Expatriate Eating Adventures: Volume 1

Food, food culture and cooking has always been important to me. All three of those things are hobbies of mine. By extension I am also interested in matters of health when related directly to food and cooking.

So my move to Germany a few years ago was, in part, an opportunity to dive head-first into a new culinary world. Americans commonly complain that there is no culture back in our homeland. Spending a few rainy afternoons craving everything from macaroni and cheese to burritos to BBQ to a good old fashioned Thanksgiving turkey dinner will correct that notion.

You don’t have to like it, but it is tradition.

Food and how we approach it is part and parcel of who we are. In this case my expectations as an amateur chef in the New California school of cooking was a big part of my identity. It formed the basis of what I cooked with, how I felt about certain cooking methods and ingredients, how I felt about certain restaurants and cafes (*cough* Starbucks) and basically meant that I was a hardcore food snob. More to the point, I was a food snob of Russian-Jewish background. That meant pork was automatically on the blacklist, except for bacon which we all know was accidentally made part of the pig as an administrative error by God’s underlings. So bacon was OK. And cheeseburgers. Clams are good too… well, I was never all that religious, anyways.

But here I am now in the heartland of all cuisine that relates to the pig. Pork comes in far more forms and varieties than I could ever have dreamed. From the obvious (pork roasts) to the subtle (Speck… basically bacon like bits of pork frequently used as a flavor enhancer) to the kind of thing that would make my beloved grandmother shudder: Mettwurst. Mettwurst is straight-up raw pork with a high dose of pork fat all ground together. Sometimes raw onions are added, as well.

If I had known what it was before trying it, I am sure would have held out much longer. But one day I was at a birthday lunch and our hosts trotted out of the kitchen a big plate of this ground meat and rolls. One of my friends spread the meat on a half-roll and then planted the thing face down in a bowl of diced onions. They called it Feuerwehr Marmelade (Fireman’s Marmalade). It looked and smelled great.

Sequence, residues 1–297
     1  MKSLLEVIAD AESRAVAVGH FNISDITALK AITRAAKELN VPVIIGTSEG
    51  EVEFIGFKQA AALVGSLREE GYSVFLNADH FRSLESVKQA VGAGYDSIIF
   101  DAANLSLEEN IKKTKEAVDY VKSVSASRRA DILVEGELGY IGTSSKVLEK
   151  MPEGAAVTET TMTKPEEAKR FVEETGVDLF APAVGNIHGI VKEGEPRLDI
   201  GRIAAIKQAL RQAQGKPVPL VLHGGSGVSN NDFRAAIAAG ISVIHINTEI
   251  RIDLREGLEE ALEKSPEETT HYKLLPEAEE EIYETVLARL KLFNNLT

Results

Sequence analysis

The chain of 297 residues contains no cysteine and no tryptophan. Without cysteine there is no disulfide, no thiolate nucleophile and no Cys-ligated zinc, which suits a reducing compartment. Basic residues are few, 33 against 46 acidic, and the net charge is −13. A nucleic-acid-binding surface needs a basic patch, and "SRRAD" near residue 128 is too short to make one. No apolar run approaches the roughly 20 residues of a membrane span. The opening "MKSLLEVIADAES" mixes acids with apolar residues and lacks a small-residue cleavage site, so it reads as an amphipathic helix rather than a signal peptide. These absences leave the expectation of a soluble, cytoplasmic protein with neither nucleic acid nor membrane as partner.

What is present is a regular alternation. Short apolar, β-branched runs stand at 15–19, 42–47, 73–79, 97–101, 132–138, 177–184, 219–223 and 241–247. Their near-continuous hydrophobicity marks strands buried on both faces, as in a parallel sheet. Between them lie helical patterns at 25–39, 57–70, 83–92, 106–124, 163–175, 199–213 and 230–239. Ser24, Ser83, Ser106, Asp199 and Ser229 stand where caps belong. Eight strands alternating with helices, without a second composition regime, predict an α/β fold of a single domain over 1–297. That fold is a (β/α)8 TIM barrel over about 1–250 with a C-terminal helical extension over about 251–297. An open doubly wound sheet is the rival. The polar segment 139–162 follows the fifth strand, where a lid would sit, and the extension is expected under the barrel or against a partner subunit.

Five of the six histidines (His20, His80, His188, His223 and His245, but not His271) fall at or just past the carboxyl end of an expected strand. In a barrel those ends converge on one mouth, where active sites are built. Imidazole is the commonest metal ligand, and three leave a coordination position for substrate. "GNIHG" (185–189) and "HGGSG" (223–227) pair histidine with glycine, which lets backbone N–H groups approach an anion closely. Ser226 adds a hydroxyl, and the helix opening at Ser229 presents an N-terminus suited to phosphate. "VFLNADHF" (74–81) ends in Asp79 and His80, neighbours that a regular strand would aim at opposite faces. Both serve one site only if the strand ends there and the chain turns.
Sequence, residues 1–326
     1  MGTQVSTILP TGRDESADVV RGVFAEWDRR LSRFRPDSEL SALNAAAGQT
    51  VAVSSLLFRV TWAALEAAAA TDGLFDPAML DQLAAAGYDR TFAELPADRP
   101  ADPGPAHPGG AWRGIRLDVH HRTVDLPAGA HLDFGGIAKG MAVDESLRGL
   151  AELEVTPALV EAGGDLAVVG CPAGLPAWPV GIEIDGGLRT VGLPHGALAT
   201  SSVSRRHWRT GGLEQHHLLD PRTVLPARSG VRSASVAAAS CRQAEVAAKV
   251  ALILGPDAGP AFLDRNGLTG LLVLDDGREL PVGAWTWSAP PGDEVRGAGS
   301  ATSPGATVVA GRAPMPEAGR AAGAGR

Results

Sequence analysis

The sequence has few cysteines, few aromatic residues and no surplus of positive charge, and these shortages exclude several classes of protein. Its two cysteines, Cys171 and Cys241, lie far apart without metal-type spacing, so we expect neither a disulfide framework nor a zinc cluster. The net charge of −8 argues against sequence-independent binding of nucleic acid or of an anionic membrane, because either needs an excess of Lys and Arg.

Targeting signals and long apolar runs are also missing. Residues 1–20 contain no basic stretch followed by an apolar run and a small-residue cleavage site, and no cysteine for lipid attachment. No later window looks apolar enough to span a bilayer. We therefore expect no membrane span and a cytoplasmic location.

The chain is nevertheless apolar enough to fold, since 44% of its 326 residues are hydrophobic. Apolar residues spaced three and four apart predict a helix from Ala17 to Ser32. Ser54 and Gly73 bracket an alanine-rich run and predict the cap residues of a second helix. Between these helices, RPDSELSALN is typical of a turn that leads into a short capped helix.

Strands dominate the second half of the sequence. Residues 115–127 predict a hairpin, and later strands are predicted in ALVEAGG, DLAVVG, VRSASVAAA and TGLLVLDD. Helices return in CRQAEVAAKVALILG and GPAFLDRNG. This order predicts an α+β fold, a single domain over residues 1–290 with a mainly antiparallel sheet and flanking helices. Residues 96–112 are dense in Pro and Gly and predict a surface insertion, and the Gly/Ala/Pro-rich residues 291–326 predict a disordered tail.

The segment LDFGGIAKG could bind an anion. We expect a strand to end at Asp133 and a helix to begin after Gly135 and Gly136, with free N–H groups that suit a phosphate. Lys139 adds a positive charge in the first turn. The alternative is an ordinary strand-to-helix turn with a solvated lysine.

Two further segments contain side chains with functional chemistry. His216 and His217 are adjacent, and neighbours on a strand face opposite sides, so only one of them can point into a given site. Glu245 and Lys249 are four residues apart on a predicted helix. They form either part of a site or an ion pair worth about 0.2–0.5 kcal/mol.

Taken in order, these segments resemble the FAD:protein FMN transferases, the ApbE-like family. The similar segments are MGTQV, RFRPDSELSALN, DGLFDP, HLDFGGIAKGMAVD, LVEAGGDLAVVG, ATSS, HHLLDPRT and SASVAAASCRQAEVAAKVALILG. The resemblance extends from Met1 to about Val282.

Then I tried it. Guess what? It was great! I knew it was pork as that is pretty much all they eat around here apart from potatoes washed down beer or sparkling apple juice. I did not realize how it was made, though. The funny thing is that coming from California with a few elements of a yuppy background, I was already in the midst of a ten year love affair with sushi. On top of that, my food machoness meant that I sought out other adventures, partially for the adventure but also partially for the bragging rights. During my time in California I also developed a liking for Kitfo. Kitfo is an Ethiopian dish which is nothing more than raw ground beef with hot butter and some hot spices. Yum!

But can you imagine that even which such food adventures under my belt that I held pork in disdain all of this time? The crazy thing is… it took moving 6000 miles and immersing myself into an alien culture to turn me around. I had already resolved myself to not being any kind of spoilsport or whiny “but I can’t eat that” kind of guy which surely would have marked me as a non-integrated foreigner. I would have “tolerated” pork in any case but now I can actually count that as part of the adventure of living in a new culture. It is now something I look forward to.

I know my hosts appreciate my openness to this experience. My friends often make a point of making pork free dinner for us when I come over… but I assure them that if they were to put a plate of Mettwurst in front of me, purely for intercultural harmony and understanding, I would dig in. Well… I might enjoy it… a little. Or maybe a lot.

– Geoff